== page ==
THE news of the untimely death of local footballing legend, Jon Clifford, last Saturday night, has sent shockwaves through the Derry and North-West area. The Tristar Boys’ Club founder passing away in Altnagelvin Hospital. He was 58.
ARTHUR DUFFY reports
Affectionately known to the youth of the city in bygone years as “Big Ugg,” Jon’s entire life was totally focused on a boys club he built from nothing based in the Bogside. Youth and underage football was always his priority in life and there are few who would not immediately recognise the sight of him pounding the streets of Derry, with his rucksack perched on his back, during the mid-1970’s into the 1980’s.
“Ugg” founded his club back in 1974 having assisted former team, Westpark, and his loyalty and leadership of Tristar remained with him until his death last weekend.
Thanks to Jon, so many young players from throughout the Derry area, found themselves involved in competitive football from a very young age. And thanks to his tenacity and determination, so many young players found a release in representing the club through what had been the particularly difficult times of the city’s well documented “Troubles.”
An ebullient character with an infectious personality, Jon Clifford attracted youth players from every area of Derry - not just the Bogside where Tristar was born.
Players from the then newly constructed Shantallow areas, Creggan and, indeed, the Waterside, joined him to spend their youth careers with a club he managed so successfully.
Indeed, he always made those youngsters representing Tristar feel very important by quietly hand-delivering postcard messages, informing the players of a forthcoming fixture, venue and the time to report. In fact, he walked the length and breadth of Derry to deliver such notification, asking for nothing but their presence on match days.
And “Ugg” epitomised the phrase “voluntary worker,” never asking for anything in return when providing a youth service to which he dedicated his entire life.
After a period of 38 unbroken years, Jon’s leadership qualities continues to place Tristar Boys to the forefront of the local sport and each year new young players have been eager to join his ranks from the tender age of 10 years.
A life-long non-drinker and non-smoker, Jon may not have married, but he certainly helped fashion the characters of so many of his young players into good citizens, those youngsters back in the mid-70’s having since sent their own children to learn from their former mentor from Abbot’s Walk.
He was also an accomplished quiz buff in Derry, having not only enjoyed competing in local pub competitions, but he also acted as an excellent quizmaster, particularly when attempting to raise funds for his boys’ club on an annual basis.
Despite the “Troubles,” Jon was probably one of the first local youth leaders to engage in cross-community football competitions. He led teams to East Belfast at the height of the political difficulties, the parents of those children feeling safe and content to leave their siblings in his charge.
Unfortunately, Jon contracted COPD (Chronic Obstructive Pulmonary Disease), a lung condition which very few knew anything about until he encountered great breathing difficulties. It then became clear that he would not be in a position to continue his life-long service to Derry’s youth community.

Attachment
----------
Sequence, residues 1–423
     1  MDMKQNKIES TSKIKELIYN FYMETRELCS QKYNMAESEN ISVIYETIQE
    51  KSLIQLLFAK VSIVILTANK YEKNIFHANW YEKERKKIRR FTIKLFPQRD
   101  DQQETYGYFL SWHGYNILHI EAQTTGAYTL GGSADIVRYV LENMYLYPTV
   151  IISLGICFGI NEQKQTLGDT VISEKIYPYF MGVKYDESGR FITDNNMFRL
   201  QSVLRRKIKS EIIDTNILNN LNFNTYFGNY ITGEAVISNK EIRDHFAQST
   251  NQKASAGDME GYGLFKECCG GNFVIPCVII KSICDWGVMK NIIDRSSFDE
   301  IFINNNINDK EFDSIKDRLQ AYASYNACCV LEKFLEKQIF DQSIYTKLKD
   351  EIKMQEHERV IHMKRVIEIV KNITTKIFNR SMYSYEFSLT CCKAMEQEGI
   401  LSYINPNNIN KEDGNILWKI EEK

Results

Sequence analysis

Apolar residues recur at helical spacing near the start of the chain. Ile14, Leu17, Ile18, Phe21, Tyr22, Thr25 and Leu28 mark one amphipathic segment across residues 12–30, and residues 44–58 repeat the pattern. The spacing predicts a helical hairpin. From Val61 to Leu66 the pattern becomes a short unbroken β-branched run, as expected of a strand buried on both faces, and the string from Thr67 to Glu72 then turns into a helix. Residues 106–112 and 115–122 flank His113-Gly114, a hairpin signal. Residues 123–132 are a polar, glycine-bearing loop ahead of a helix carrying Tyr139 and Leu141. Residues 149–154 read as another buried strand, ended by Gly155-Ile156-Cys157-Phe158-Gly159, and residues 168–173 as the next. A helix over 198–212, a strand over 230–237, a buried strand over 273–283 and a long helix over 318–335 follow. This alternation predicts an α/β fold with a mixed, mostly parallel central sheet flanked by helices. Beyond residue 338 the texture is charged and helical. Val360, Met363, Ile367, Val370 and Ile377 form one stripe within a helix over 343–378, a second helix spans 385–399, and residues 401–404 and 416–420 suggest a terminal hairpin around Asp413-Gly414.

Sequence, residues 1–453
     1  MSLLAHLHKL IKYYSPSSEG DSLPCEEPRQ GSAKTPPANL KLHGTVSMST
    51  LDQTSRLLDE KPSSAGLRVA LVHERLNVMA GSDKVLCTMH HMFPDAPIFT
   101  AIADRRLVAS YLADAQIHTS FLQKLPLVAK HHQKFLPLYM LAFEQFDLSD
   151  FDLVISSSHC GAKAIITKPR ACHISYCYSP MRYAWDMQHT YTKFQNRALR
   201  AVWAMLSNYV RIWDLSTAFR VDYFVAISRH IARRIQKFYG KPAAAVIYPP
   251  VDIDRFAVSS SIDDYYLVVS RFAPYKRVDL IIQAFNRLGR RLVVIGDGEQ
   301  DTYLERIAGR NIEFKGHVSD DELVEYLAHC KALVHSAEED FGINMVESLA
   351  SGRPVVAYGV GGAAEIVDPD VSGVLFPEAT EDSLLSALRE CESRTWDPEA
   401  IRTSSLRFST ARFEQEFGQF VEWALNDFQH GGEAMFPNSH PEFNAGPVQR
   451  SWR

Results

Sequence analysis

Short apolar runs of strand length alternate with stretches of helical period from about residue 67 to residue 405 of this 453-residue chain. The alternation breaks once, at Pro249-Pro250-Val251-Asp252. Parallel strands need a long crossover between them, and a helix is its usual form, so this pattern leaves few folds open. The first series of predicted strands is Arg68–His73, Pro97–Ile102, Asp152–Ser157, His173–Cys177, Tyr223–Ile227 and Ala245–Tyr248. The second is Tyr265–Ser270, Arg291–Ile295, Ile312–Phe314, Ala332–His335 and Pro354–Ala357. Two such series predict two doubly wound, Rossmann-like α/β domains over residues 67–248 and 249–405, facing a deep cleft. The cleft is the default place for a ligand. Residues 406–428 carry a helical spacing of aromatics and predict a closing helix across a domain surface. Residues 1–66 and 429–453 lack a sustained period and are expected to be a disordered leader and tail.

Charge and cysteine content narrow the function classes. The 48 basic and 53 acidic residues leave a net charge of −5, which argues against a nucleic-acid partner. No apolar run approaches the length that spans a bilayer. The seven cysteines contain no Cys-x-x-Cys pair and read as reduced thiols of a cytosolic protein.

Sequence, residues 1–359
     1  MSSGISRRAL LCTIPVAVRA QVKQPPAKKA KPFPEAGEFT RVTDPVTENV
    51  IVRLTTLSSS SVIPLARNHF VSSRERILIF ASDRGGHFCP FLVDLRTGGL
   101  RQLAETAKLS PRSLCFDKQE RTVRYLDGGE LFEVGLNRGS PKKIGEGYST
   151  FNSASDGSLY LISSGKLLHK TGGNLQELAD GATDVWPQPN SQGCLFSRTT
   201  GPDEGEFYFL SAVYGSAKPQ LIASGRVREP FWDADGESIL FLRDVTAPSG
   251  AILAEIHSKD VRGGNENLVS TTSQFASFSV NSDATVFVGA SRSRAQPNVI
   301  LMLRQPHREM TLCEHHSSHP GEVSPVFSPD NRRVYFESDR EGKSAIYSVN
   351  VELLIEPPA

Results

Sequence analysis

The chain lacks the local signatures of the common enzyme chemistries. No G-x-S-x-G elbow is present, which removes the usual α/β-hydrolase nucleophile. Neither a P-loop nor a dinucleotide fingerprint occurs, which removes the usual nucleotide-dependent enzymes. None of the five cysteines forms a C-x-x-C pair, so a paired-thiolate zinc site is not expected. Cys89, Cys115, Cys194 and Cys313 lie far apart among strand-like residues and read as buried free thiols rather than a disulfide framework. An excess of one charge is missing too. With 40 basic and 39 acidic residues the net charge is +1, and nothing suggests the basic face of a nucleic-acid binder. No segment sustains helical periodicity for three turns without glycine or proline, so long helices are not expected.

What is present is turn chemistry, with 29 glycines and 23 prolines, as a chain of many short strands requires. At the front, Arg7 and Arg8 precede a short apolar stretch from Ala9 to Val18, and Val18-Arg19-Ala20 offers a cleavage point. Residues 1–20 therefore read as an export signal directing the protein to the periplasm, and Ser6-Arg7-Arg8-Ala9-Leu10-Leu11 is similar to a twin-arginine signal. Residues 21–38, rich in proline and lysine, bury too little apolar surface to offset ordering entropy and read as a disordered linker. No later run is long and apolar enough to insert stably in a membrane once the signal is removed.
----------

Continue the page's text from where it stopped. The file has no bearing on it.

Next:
That said, before his death he organised a committee of former Tristar members who have since stepped up to the plate and taken over the duties which he had undertaken for so many years.
Requiring a lung transplant, Jon was actually rushed to Newcastle last week when an organ became available, only to meet with bitter disappointment on his arrival in the North-East of England, when learning that the organ was not compatible.
Refusing to throw in the towel, his dying wish, was that the 10th anniversary Anthony Martin Memorial Cup - an Under-11 competition in memory of one of his former young players - would proceed despite his deteriorating condition. That competition was successfully staged on Sunday last in the Magee Sports Pavilion in Duncreggan Road, his Tristar Committee following out his instructions to the letter.
The return of Derry City to senior football in 1985 was also warmly welcomed by the “big man,” especially when he noted some of his former protégés donning the “Candy Striped” jersey over the years.
He actually emerged the club’s leading steward for a period and with Jon, everything was either black and white. He “shot from the hip” and, on occasions, found himself at the centre of major controversy.
Indeed, when placed in charge of the Glentoran Stand at the Brandywell, the late and former F.A.I. Chief Executive, Mr. Fran Fields, climbed the steps prior to a high profile match. When approached by Jon who would inspect his ticket, Mr. Fields asked him: “Do you know who I am?”
To which Jon replied: “As far as I’m concerned sir, you are a man without a ticket and without one you will not be getting in here!”
His absence in Derry & District Youth football will be unquantifiable, but his loss to Tristar Boys will prove to be devastating.
Jon will be laid to rest following Requiem Mass in St. Columba’s Church, Long Tower, at 11.30 a.m. today and the profound sympathy of the Derry and North-West footballing fraternity is extended to the Clifford family circle.
May he rest in peace.